What did you call me? The power and peril of salesperson titles
The Business Journals

Lee Salz is a Featured Columnist for The Business Journals.

What did you call me? The power and peril of salesperson titles

When it comes to assigning titles to sales roles, executives often pay little mind to the inference associated with them. Yet, when a salesperson is handed a title, he immediately derives a message from it — and so will his clients.

One commonly used title is account executive. This title implies that the company has a well-defined strategy and process in place. It also suggests the position is a rank-and-file role filled by salespeople who are provided both an objective and a roadmap to achieve it. The one-word descriptor for the account executive is executor. Account executives execute the company’s sales plan.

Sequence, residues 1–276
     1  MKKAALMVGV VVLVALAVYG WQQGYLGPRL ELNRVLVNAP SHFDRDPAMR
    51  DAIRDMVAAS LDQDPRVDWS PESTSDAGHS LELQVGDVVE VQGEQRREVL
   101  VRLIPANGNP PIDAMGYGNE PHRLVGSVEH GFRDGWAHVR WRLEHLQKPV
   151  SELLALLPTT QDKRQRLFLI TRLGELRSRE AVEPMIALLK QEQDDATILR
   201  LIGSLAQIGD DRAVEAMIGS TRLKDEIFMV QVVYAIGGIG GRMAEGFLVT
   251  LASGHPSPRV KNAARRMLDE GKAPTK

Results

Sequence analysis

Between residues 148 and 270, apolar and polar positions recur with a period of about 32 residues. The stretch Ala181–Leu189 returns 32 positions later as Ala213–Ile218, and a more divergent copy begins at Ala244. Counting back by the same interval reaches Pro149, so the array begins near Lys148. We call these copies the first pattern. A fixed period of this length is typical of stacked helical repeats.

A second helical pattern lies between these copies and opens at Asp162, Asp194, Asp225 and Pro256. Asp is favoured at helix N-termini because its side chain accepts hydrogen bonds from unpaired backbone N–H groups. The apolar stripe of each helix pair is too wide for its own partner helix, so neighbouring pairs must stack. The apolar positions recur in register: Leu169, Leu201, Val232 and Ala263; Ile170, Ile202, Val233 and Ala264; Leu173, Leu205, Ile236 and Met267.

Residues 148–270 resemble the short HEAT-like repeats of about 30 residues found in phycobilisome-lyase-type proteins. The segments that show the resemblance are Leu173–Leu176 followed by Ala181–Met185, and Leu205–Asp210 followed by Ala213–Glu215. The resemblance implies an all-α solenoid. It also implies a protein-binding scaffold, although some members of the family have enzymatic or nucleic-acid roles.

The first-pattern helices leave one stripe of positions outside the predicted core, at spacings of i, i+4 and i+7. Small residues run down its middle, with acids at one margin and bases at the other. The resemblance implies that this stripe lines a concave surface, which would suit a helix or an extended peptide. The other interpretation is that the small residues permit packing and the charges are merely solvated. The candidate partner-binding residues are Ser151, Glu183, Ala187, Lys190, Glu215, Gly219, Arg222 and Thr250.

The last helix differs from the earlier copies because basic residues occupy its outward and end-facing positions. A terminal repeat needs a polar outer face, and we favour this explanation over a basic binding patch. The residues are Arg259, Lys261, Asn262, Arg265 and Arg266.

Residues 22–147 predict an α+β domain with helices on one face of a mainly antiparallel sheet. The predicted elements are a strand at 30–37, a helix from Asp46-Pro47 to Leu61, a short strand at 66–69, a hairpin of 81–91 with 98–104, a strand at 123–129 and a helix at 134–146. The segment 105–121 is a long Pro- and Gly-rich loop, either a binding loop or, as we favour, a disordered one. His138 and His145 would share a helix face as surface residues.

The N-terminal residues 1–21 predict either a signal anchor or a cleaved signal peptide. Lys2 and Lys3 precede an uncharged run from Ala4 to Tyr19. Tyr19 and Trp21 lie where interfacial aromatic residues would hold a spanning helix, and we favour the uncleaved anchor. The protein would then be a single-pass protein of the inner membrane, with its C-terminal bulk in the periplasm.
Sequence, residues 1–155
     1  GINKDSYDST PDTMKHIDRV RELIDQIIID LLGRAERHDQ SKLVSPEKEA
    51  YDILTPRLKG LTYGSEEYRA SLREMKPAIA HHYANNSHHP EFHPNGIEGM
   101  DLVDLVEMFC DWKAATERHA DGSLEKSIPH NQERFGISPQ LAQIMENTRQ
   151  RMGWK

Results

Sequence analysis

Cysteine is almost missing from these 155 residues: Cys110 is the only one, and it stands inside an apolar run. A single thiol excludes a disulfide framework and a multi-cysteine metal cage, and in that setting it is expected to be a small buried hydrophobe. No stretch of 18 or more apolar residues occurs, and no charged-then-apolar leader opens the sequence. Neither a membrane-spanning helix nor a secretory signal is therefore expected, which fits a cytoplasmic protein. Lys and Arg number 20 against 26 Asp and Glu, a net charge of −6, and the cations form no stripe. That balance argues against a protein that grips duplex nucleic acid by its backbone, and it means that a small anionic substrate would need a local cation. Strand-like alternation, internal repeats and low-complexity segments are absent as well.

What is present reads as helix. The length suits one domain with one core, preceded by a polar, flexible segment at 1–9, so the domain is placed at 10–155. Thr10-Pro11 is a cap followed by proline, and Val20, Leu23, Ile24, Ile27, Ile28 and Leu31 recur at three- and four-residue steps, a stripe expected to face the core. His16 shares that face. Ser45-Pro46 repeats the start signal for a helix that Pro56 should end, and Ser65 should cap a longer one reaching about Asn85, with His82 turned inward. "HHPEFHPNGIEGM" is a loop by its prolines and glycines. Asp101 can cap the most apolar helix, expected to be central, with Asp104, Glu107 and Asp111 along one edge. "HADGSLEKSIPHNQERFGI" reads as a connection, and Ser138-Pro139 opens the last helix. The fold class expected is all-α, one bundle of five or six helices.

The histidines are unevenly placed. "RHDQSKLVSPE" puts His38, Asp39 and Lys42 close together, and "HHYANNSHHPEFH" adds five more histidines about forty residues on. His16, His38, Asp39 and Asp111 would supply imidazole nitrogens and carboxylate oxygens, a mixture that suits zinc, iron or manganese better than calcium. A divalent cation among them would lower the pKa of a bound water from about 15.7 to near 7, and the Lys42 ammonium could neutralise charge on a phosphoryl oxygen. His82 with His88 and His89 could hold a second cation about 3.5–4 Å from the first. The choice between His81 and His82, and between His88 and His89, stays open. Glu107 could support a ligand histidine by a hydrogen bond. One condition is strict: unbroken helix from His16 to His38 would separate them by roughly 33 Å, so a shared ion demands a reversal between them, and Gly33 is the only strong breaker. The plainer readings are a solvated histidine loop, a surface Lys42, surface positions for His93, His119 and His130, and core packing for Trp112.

Another often used sales title is business developer. This title implies that the role requires creativity. Business developers rarely get a roadmap from the company. Instead, they get an objective, and are expected to chart the course to achieve it. When I hear this title, I think about Indiana Jones: “Here’s the treasure we want. Figure out how to get it.” The one-word descriptor for this sales role is pioneer. The business developer both creates the plan and executes it.

Executives may be tempted to offer the salesperson titles such as: manager, director or vice president. These titles send a “management message” to both the salesperson and the clients. And it is highly likely that both parties misinterpret the salesperson’s authority because of the assigned title.

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